Félix J. PalmaThe Spanish novelist and short story writer Félix J. Palma is probably best known as a thriller/sci-fi/fantastical/historical fiction writer who’s The Map of Time spent some time on the NY Times best seller list. I’m not sure if how well any of those categories work in describing him, but his 2010 collection of short stories El menor espectáculo del mundo (The Smallest Show on Earth) is in a different vain, focusing on the little details of life, the smallest show on earth. However, that smallest show tag is a little misleading because several of the stories are adventures that are just confined to a small space. Still, Palma is attentive to the disappointments and unsaid despair that surround his characters and command of language, expressed in elegant sentences and solid images mark him as a skilled writer.
His skills as a writer are apparent from the opening story, El país de lasMuñecas (The Country of Dolls):
A aquellas horas de la noche, el parque infantil parecía un cementerio donde yacía enterrada la infancia.
At that time of the night, the playground looked like a cemetery where childhood had been buried.
It is an arresting image that begins a story of a girl who looses her doll and her father, like Kafka, writes the daughter a letter each day as if he were the doll. His reinvention of the doll story parallels the story of his failing marriage and the fable for the girl becomes not only the dream that will never be realized for the child, but it is an illusion the father would like to have also. But the doll story is just a story and the narrator can only wish for what he cannot have. It is a typical strategy for Palma to show the illusion of these little shows and then leave the characters aware that those illusions are not real. While The Country of Dolls blends his power of language and his appreciation for literary culture, it also ends disappointingly as the narrator, in crime fiction fashion, destroys the destroyer of his illusions and kills his wife.
Palma also has a good sense of humor which he shows quite well in Margabarismos. The narrator is a looser who has taken to spending his time in La Verónica a dive bar near his home that his wife will never search for him in. One day, he sees a note on the bathroom wall that says he will be hit by a car. He doesn’t believe it, but as he leaves the bar a car hits him. He wakes to see his wife waiting for him and he realizes they have grown apart and he would like her back. Once he gets out of the hospital he returns to the bar’s bathroom to look for the message. It has changed, though, and the writer is his late uncle who has the power to see the future six months of the narrator. They hatch a plan to win his wife back and each step displays a humor based on the clumsy desperation of a man who wants his wife back and has to depend on an unreliable ghost. Without the humor–the idea of finding messages in the bathroom–the story would be flat. Again, Palma takes the desperation of the lonely man and turns a comic ghost story into a moment to explore relationships.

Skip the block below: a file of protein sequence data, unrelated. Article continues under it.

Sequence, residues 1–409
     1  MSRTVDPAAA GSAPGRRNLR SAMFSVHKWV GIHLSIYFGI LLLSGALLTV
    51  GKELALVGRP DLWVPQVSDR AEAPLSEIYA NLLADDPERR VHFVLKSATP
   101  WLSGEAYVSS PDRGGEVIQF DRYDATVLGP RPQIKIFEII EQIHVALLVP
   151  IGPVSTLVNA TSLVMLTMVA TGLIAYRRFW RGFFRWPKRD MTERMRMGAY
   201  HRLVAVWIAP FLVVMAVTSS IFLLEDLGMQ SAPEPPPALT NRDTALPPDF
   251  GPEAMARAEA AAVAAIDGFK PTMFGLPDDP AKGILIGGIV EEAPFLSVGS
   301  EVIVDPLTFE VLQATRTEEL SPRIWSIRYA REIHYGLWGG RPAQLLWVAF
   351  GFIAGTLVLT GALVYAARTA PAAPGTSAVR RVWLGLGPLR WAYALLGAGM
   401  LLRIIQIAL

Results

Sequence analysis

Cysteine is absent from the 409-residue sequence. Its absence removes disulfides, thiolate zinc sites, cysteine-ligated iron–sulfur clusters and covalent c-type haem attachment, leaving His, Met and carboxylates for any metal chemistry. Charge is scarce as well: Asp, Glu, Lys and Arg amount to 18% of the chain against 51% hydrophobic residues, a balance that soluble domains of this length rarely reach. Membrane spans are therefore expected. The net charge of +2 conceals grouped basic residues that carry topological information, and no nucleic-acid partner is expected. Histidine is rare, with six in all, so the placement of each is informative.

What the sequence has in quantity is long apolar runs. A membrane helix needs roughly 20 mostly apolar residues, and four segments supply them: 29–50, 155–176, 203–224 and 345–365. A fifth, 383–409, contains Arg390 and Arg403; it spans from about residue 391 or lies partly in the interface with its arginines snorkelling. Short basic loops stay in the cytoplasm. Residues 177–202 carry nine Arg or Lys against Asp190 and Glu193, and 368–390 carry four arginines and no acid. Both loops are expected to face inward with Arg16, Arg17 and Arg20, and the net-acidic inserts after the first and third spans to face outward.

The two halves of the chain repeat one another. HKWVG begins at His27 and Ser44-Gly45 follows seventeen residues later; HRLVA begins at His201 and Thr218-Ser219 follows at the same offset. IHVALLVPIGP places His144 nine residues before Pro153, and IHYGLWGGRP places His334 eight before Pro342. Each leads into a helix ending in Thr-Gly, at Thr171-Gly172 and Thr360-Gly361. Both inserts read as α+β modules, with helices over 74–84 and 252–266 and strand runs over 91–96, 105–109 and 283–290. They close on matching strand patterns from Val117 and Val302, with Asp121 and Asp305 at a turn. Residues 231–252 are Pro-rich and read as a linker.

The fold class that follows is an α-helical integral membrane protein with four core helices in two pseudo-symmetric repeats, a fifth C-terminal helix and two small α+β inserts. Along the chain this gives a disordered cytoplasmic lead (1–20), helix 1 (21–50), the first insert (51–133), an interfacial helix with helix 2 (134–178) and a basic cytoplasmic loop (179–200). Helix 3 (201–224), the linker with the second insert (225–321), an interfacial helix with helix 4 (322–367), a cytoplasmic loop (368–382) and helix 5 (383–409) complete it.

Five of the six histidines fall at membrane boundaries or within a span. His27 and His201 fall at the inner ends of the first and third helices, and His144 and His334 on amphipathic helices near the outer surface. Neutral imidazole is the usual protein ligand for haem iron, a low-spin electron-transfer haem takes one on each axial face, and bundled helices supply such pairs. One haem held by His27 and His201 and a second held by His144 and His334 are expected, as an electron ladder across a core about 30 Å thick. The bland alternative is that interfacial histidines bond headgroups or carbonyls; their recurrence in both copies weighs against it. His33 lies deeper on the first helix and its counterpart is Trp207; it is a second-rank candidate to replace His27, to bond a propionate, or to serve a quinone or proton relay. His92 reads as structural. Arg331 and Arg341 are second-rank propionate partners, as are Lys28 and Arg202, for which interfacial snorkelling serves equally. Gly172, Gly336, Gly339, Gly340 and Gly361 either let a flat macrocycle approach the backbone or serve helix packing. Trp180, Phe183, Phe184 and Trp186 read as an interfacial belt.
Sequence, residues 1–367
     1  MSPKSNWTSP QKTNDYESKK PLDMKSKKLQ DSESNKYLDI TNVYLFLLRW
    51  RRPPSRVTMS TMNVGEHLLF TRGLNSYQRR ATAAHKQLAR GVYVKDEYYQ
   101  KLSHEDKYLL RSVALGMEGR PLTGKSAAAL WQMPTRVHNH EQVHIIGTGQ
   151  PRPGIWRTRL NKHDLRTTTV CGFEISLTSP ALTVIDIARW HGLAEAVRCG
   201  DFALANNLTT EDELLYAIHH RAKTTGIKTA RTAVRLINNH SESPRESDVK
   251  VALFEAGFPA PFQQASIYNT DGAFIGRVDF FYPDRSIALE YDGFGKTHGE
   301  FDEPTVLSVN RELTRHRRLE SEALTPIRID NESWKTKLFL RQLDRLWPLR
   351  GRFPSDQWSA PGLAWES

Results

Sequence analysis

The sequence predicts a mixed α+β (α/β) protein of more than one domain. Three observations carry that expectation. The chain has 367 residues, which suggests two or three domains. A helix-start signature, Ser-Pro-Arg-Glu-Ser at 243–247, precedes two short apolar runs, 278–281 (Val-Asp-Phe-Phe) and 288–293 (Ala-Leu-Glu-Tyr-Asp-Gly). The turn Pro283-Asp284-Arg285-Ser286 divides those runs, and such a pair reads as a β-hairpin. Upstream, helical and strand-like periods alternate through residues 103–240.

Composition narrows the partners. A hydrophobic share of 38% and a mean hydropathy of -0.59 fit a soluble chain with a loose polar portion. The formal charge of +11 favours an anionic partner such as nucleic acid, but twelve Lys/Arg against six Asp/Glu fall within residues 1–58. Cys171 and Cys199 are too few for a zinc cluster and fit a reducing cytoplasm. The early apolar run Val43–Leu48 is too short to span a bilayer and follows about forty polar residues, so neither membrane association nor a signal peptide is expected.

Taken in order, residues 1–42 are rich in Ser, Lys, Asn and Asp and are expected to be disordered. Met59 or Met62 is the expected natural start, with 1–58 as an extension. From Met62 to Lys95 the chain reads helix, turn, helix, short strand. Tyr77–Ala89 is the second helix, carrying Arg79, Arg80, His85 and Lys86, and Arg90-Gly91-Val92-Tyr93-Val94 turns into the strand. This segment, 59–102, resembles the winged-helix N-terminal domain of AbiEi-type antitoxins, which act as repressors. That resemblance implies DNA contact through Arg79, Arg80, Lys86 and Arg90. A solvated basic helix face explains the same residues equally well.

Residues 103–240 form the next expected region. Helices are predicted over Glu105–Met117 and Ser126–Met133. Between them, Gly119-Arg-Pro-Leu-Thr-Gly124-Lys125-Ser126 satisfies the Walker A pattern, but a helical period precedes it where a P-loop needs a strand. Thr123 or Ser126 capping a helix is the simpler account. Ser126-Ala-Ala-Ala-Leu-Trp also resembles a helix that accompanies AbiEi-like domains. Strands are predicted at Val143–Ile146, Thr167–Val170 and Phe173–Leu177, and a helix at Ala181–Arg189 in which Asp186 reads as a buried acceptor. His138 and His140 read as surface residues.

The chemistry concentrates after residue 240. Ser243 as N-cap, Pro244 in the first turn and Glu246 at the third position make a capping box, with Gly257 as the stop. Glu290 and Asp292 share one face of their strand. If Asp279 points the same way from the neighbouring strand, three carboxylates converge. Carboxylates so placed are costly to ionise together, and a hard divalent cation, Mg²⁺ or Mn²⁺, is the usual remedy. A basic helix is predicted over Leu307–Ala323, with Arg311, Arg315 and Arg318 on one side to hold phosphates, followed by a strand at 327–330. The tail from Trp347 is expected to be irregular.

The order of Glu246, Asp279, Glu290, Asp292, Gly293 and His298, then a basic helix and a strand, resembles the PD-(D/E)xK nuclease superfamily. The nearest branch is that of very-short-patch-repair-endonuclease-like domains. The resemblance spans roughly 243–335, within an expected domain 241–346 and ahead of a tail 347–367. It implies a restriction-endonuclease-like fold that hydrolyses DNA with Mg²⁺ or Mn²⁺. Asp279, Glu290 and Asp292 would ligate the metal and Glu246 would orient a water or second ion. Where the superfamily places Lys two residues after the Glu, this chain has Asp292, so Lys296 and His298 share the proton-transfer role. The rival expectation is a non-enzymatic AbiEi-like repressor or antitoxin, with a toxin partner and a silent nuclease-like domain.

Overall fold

He develops that same theme in Una palabra tuya a story that starts with the narrator’s wife’s last words before leaving the house: can you fix the lamp. When he goes into the closet he gets trapped and through a series of events his daughter ends up being the captive of the desperate upstairs neighbor. Ultimately, he performs his role as a father and saves the child. When his wife returns she says, couldn’t you have fixed the lamp? Of course the joke is he has scaled a wall, saved his daughter, and evaded a crazy woman, just like a superhero. And like the smallest show on earth, the narrator has gone unnoticed.
The best story of the Bibelot takes that hidden heroism of the every day and gives it a less adventurous spin. An encyclopedia sales man finds himself mistaken for the son of an old woman. He doesn’t want to play the role but when she said he hasn’t been by for her last few birthdays he relents. He knows he’s making her happy until her daughter calls. She tells him to leave immediately because her son is dead. He agrees and apologizes and on his way out he meets a neighbor who tells him the daughter also died. Here, again, he has a character doing a simple act, one that is inconsequential to everyone but the old woman. In this story it is not just one person participating in these little shows. It is the most successful story because it avoids the episodic feel that some of the earlier mentioned stories. It also has an excellent ending that is neither a twist or a joke. It is his most humane story.
All of Palma’s stories have excellent writing and show a good story teller in action. His ability to show the human failures that go unnoticed, although occasionally hit with a misplaced levity, is strong. With these strong stories it would be great to see more of his non “genre” writing.